The groundbreaking machine is currently under development from Italian researchers who hope to mimic the human learning experience.
The hopes of the scientists are that the robot will develop and learn from nothing – much like a new-born child would.
The project is being led by Goal Robots in Italy, who hope to have the first learnable robot within four years.
Gianluca Baldassarre, from the Institute of Cognitive Sciences and Technologies of the National Research Council (CNR-Istc), who is co-ordinating the project, said: “The goal is to make robots that are able to learn independently, experimenting and making experiences exactly like young children, between one and two years old, and then apply their new acquired skills.”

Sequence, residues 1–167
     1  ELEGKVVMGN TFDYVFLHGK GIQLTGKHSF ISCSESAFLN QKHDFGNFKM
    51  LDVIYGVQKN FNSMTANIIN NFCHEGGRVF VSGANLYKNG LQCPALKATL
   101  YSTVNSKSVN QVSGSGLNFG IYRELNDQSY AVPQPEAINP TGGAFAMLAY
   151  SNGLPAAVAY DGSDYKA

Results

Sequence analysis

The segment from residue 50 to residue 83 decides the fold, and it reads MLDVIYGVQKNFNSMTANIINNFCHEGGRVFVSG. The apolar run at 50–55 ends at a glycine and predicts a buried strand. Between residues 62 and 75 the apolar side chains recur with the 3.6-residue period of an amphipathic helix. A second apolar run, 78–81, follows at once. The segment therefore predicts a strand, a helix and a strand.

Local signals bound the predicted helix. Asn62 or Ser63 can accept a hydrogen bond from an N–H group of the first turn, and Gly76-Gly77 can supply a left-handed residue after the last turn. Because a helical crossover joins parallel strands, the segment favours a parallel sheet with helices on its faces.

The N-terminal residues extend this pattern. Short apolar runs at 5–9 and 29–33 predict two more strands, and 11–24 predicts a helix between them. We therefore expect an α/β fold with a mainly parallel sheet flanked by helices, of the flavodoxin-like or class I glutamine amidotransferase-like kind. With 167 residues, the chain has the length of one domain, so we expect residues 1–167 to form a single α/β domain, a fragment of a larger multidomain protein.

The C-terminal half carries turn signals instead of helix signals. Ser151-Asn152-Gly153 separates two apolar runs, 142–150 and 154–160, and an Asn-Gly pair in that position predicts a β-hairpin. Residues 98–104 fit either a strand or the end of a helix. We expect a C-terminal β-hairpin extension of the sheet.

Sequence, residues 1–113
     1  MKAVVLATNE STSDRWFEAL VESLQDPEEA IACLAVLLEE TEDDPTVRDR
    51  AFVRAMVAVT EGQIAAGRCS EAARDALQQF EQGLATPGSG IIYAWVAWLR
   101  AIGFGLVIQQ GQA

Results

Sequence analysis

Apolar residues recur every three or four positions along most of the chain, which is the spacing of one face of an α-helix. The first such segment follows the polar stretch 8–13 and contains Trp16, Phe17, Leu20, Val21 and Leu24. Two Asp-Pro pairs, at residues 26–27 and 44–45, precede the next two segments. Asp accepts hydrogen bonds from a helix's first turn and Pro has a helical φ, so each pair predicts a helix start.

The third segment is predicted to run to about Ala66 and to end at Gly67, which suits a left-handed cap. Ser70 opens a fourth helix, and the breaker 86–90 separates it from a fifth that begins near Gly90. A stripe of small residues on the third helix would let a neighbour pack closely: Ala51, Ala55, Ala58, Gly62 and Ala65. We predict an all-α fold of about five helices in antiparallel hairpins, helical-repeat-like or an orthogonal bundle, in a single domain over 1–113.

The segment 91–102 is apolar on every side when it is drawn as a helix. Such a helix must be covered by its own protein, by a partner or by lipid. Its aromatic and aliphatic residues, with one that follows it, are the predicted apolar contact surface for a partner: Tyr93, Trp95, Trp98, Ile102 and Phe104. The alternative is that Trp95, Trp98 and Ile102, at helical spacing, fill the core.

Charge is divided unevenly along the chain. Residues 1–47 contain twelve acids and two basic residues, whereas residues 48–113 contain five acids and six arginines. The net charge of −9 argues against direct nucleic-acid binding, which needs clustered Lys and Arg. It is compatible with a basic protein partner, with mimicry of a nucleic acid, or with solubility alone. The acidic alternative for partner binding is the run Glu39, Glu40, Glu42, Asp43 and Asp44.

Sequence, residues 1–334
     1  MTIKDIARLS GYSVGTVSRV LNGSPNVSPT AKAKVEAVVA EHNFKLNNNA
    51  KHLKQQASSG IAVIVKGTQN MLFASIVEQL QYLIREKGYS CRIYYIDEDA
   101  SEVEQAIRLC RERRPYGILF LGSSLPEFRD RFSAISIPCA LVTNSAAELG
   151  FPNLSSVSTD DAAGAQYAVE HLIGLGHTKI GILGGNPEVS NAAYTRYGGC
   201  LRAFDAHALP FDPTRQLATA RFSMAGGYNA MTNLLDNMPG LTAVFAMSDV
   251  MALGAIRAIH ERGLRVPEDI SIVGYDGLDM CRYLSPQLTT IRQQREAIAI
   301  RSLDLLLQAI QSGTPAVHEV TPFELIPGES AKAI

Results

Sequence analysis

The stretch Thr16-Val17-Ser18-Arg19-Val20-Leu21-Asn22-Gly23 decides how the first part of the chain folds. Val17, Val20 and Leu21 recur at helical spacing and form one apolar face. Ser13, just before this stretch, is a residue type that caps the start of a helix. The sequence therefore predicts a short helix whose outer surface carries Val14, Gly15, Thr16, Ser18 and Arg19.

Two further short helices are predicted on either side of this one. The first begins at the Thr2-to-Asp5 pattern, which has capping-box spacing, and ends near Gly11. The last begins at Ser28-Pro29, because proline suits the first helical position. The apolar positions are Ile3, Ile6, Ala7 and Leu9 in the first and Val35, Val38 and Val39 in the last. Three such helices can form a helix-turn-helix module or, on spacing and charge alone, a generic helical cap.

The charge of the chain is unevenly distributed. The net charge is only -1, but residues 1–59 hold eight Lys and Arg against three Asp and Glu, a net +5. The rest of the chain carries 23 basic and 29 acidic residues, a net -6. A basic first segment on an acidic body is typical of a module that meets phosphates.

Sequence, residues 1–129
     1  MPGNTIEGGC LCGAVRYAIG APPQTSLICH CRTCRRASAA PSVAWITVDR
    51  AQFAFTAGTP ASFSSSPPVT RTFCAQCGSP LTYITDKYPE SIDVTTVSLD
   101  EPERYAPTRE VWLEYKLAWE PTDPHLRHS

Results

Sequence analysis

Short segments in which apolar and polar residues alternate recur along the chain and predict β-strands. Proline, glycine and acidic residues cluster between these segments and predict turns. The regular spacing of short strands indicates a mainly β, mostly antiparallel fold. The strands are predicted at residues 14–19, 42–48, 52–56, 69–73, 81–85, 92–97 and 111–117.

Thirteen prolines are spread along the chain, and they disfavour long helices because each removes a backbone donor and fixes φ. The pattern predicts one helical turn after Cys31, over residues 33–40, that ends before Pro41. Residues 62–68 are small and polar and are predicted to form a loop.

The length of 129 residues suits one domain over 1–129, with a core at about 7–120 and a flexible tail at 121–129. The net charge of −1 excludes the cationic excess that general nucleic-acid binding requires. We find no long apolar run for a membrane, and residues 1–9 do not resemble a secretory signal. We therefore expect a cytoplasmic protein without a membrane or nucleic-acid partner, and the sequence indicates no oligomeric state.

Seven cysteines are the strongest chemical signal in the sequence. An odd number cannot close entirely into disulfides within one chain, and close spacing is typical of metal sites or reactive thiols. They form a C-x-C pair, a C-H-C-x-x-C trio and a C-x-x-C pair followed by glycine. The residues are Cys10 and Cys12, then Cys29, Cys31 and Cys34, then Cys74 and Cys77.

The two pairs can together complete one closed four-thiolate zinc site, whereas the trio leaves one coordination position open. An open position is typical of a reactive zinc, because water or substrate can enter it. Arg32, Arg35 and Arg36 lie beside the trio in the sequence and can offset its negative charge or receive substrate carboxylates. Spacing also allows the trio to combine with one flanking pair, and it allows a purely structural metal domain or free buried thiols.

The aim of Goal Robots is to pave the way towards robots that possess qualitative leap – the ability to learn on their own.
The team describe curiosity as the driver of the robots, which will allow them to identify something knew and then learn about it.
Mr Baldassarre added: “In this way when they find something surprising, they focus on the findings and try to do it again, just as children do, for example, when they discover the switch for turning on the light.
“We do not give them the goals from outside, they have to choose them themselves.”
Working in collaboration with researchers from across Europe, the team hope to have the first up and running by around 2020.
Mr Baldassarre gave the example of organising a desk to a human standard – a task that is easy for us but is impossible with current technology.